Avoidable Mortality

Mortality in many instances is avoidable. Estimates Mühlichen et al. (2023) for Germany are as high as 19% of all deaths in the years 2017 to 2019. For men the figure is as high as 24%, for women “only” 13%. The scientific interest in the concept of avoidable death originates in the interest to indirectly gauge the efficiency of health systems. In order to do this the authors estimated cause-deleted life tables in a fine graded regional fashion. Avoidable deaths are defined as deaths that occur before the age of 75 and are either classified as medically preventable or preventable through a different life style. The study applies a quasi-experimental design in comparing German speaking regions within Europe. This allows to measure the influence of health care systems on a general level within Germany, Austria, Switzerland and South Tirol in Italy. The study corrects for different age structures in these regions. For Germany avoidable deaths are substantially higher in the North than in the South. Additionally Eastern parts of Germany have higher avoidable deaths. Even the best performing regions in Germany have higher rates of avoidable mortality than Switzerland.
The differential to other countries health systems is worth a concern, because the expenditure in the German health system per 1000 population are among the highest in Europe (OECD 2021). Despite the high expenditure per head, avoidable mortality remains particularly high for German men and in the North and East of Germany. Lack of prevention of unhealthy life styles is most likely the decisive factor to explain the disappointing results. There might be another “unaccounted” risk factor that originates in the lack of sufficient preventative health care and environmental risks during the young age of the regional populations. 33 years of unification and a cut-off age of 75 mean that in East Germany the oldest people lived through 40 years of high pollution coal as primary heating system.  Similar to Northern and Western Germany little concern and careless use of risky fertilizers might drive higher mortality decades after exposure. Life style patterns might additionally contribute, but are harder to assess in comparison. Research to clarify these differentials are just at the beginning. A valid conclusion remains: prevention is key, but it has many facets.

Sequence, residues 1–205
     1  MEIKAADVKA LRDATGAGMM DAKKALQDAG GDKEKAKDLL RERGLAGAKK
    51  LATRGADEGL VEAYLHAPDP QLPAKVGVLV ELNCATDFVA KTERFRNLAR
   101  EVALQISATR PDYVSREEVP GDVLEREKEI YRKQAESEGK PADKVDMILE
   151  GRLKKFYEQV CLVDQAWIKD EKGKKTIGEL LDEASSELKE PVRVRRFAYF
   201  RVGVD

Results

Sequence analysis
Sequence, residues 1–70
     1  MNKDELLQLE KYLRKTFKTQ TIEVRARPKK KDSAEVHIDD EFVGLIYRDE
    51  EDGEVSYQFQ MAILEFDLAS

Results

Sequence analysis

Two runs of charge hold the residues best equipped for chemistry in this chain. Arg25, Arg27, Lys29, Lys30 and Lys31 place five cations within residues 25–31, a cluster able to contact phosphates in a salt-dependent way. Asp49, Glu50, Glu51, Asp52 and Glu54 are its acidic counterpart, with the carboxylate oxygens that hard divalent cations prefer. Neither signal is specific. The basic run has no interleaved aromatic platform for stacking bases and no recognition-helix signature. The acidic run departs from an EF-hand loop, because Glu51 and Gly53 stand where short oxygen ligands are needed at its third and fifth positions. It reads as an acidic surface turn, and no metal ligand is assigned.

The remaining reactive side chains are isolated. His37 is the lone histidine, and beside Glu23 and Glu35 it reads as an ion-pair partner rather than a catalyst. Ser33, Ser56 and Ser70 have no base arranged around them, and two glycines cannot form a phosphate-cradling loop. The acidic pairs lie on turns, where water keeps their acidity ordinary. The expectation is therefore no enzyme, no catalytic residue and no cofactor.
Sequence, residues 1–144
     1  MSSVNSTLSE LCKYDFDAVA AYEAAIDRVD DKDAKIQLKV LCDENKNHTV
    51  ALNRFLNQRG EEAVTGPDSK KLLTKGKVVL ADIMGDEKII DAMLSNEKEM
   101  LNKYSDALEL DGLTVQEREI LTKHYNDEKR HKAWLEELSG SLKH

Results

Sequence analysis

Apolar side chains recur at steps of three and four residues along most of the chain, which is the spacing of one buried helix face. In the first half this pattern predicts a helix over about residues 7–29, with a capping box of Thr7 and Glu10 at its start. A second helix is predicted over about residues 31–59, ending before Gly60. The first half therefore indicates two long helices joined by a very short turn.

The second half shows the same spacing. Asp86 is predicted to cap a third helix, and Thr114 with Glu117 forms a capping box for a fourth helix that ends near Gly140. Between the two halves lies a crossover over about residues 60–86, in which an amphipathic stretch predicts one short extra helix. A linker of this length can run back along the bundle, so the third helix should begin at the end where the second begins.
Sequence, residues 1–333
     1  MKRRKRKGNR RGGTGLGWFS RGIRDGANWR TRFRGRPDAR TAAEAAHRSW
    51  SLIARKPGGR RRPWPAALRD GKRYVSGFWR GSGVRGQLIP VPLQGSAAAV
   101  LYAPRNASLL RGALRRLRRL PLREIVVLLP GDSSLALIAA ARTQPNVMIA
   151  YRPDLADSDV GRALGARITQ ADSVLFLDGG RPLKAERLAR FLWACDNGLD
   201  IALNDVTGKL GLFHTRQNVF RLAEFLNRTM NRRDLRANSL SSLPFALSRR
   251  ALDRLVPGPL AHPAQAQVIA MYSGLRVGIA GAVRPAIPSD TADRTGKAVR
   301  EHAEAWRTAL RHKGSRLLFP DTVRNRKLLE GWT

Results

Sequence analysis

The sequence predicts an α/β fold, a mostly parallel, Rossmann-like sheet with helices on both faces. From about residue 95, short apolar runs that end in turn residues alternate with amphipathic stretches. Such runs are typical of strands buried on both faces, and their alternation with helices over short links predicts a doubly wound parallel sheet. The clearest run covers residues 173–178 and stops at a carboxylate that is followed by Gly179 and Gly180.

Drowning is a largely underestimated risk. 2.5 million people die of drowning in 10 years according to the WHO. low and middle income countries have the highest drowning rates. However, remedies like teaching how to swim and to assess drowning risks at an early age can make a huge difference. Flooding as natural disaster causes high numbers of casualties, but even in such extreme weather conditions survival strategies involve drowning prevention.

Even in the richest countries drowning is still a reality. Life guards cannot prevent the most irresponsible behavior like drinking alcohol, taking drugs and drowning risks. Overestimating one’s own swimming capabilities is yet another reason for drowning in wealthy countries. Try floating your body with as little movement as possible and you slowly enhance your capabilities to survive in dangerous water conditions. This increases your self-confidence to master tricky situations. Panic in water is surely not helpful. Learning how to help others in danger is for well-trained rescuers or professionals.